Afrikaans

  • hallo (hah-loh) — hello

Amharic

  • tena jistilign (teh-nah yihst-ihl-ihgn) — hello (formal)
  • selam (sae-lahm) — hello (informal)

Chichewa

  • moni (moh-nee) / muli bwanji (moo-lee bwahn-jee) — hello

Hausa

  • salama alaikum (sah-lahm-ah ah-lai-koom) — hello (formal)
  • sannu (sahn-noo) — hello (informal)

Igbo

  • ndêwó (in-deh-woh) — hello (formal)
  • kèdú (keh-doh) — hello (informal)

Kinyarwanda

  • muraho (moo-rah-hoh) — hello
  • bite (bee-teh) — hello (informal)

Lingala

  • mbote (mboh-teh) — hello

Luganda

  • ki kati (kee kah-tee) — hello (informal)

Malagasy

  • manao ahoana (man-ow ah-ohn-ah) / salama (sah-lAHm-ah) / akory (ah-kOO-ree)
  • miarahaba (mee-arah-hah-bah) — hello

Ndebele

  • salibonani (sah-lee-boh-nah-nee) — hello

Northern Sotho

  • dumêlang (doo-meh-lang) — hello

Oromo

  • ashamaa (ah-shah-maa) — hello
  • attam (aht-tahm) — hello (informal)

Sesotho

  • dumela (doo-meh-lah) — hello

Shona

  • mhoro (mhoh-roh) — hello (singular)
  • mhoroi (mhoh-roh-ee) — hello (plural)

Swahili

  • jambo (jahm-boh) — hello
  • hujambo (hoo-jahm-boh) — hello

Swati

  • sawubona (sah-woo-boh-nah) — hello

Tigrinya

  • selam (seh-lahm) — hello

Tsonga

  • avuxeni (ah-voo-sheh-nee) — hello (greeting)
  • ahee (ah-hee) — hello (response)

Tswana

  • dumela (doo-meh-lah) — hello

Wolof

  • salaam aleekum (sah-laam ah-ley-koom) — hello

Xhosa

Yoruba

Zulu

  • sawubona (sah-woo-boh-nah) — hello

 

Asia

Aside from Turkic languages of Central Asia and some Asian languages that were influenced by European colonization, most Asian languages are astoundingly unique and diverse, and there’s less common ground shared with other major language families.

Thai, Lao, Cambodian, Vietnamese, Cantonese, Japanese and Chinese are tonally varied languages, meaning as you speak, pitch changes dramatically alter the meaning of words and phrases. By observing native speakers, you can hear how certain phrases, including greetings, are articulated in their native natural ways.

Armenian

  • barev dzez (bah-REV DZEZ) — hello
  • barev (bah-REV) — hello (informal)

Azerbaijani

  • salam (sah-lam) — hello

Bengali

  • nômoshkar (naw-mo-shkar) — hello (for Hindus)
  • assalamualaikum (ahs-sah-lahmoo-ah-lay-koom) / salam (sah-lahm) — hello (for Muslims)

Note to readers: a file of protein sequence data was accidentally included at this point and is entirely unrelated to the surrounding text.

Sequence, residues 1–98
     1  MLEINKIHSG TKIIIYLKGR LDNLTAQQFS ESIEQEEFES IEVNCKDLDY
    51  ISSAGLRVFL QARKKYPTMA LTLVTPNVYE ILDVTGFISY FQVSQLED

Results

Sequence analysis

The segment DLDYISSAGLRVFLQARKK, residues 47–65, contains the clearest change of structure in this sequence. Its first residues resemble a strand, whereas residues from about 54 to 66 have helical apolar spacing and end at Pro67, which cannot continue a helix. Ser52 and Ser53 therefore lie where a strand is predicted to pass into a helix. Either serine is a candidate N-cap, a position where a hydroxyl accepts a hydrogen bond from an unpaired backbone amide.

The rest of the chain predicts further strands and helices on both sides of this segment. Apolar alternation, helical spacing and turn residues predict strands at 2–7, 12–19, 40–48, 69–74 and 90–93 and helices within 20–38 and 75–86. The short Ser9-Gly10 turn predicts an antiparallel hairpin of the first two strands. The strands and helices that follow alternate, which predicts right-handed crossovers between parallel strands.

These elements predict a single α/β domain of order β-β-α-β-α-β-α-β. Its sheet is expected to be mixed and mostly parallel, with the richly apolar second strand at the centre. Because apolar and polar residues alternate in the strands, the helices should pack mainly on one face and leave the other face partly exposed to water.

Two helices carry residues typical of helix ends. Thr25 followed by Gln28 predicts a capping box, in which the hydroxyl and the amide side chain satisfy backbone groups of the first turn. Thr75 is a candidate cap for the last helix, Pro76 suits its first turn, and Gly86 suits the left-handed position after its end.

Burmese

  • mingalarba (min-ga-la-ba) — hello

Cambodian

  • chum reap suor (*) — hello (formal)
  • sous-dey (*) — hello (informal)

Cantonese

Chinese

  • nǐ hǎo (nee how) — hello

Dzongkha

  • kuzu-zangpo (koo-zoo-zang-poh) — hello

Georgian

  • gamarjoba (gah-mahr-joh-bah) — hello

Gujarati

  • namaste (nah-mah-steh) — hello
  • kem cho (kem-choh) — hello (lit. How are you?)

Hindi

  • namaste (nah-mah-steh) — hello

Indonesian

Japanese

  • konnichiwa (kohn-nee-chee-wah) — good afternoon / hello

Kannada

  • namaste (nah-mah-steh) / namaskāra (nah-mah-skah-rah) — hello

Kazakh

  • sälemetsiz be? (sah-lem-met-siz beh) — hello (formal)
  • sälem (sah-lem) — hello (informal)

Korean

  • annyeonghaseyo (an-nyee-ong-hah-seh-yo) — hello (formal)
  • annyeong (ah-nyee-ong) — hello (informal)

Kyrgyz

  • salamatsyzby (sah-lam-aht-seez-bee) — hello (formal)
  • salam (sah-lam) — hello (informal)

Lao

  • sabaidee (sah-bai-dee) — hello

Malay

  • selamat pagi (se-lah-maht pah-gee) — good morning
  • selamat petang  (se-lah-maht pe-tahng) — good afternoon
  • selamat malam (se-lah-maht mah-lahm) — good night
  • hello (he-loh) — hello
  • hai (hai) — hello (informal)

Malayalam

  • namaskaram (nah-mah-skahr-ahm) — hello (formal)
  • aay (ah-yeh) — hello (informal)

Mongolian

  • sain baina uu (sain bai-na OO) — hello

Nepali

  • namaste (nah-mahs-teh) — hello

Pashto

  • salaam (sah-lahm) — hello
  • khe chare (KHEH chah-reh) — hello (informal)

Punjabi

  • sat sri akal ji (saht sree ah-kahl jee) — hello (formal, Sikh)
  • asalamwalaykum (ah-sah-lahm-wah-lay-koom) — hello (formal, Muslim)
  • sat sri akal (saht sree ah-kahl) — hello (informal, Sikh)
  • salaam (sah-laam) — hello (informal, Muslim)

Sinhala

  • āyubōvan (ah-yuh-boh-van) — hello (formal)
  • halō (ha-loh) — hello (informal)

Tagalog

  • kumusta? (koo-moos-ta) — hello
  • helów (hey-LOW) — hello (informal)

Taiwanese Hokkien

  • lí-hó (lee-hoh) — hello

Tamil

  • vaṇakkam (vah-nahk-kahm) — hello

Tatar

  • isänmesez (ees-aen-meh-sehz) / sawmısız (saw-mis-siz) — hello
  • sälam (sae-lahm) — hello (informal)

Telugu

  • namaskārām (nah-mahs-kaar-am) — hello

Thai

  • sà-wàt-dee (*) — hello

Tibetan

  • tashi delek (tah-shee del-ek) — hello

Urdu

  • āssālam ‘alaykum (ahs-sah-lahm ah-lay-koom) — hello (greeting)
  • wālaikum assalām (wah-lay-koom ahs-sah-lahm) — hello (response)
  • salām (sah-lam) — hello (informal)

Uyghur

  • ässalamu läykum (aes-sah-lahm-oo lae-koom)  — hello (greeting)
  • wä’äläykum ässalam (wae-aelae-koom aes-sah-lahm) — hello (response)
  • yahshimusiz (yah-shih-moo-sihz) — hello (informal)

Uzbek

  • assalomu aleykum (ahs-sah-lo-moo ah-lay-koom) — hello (formal)
  • salom (sah-lom) — hello (informal)

Vietnamese

  • xin chào (sin chow) — hello

 

Europe

Romance, Germanic and Slavic languages are the three major Indo-European language families and there is a lot of overlapping vocabulary and word formation. Through the Latin and Greek formations and derivations of many words and phrases, you will see many similarities between the European greetings in this list.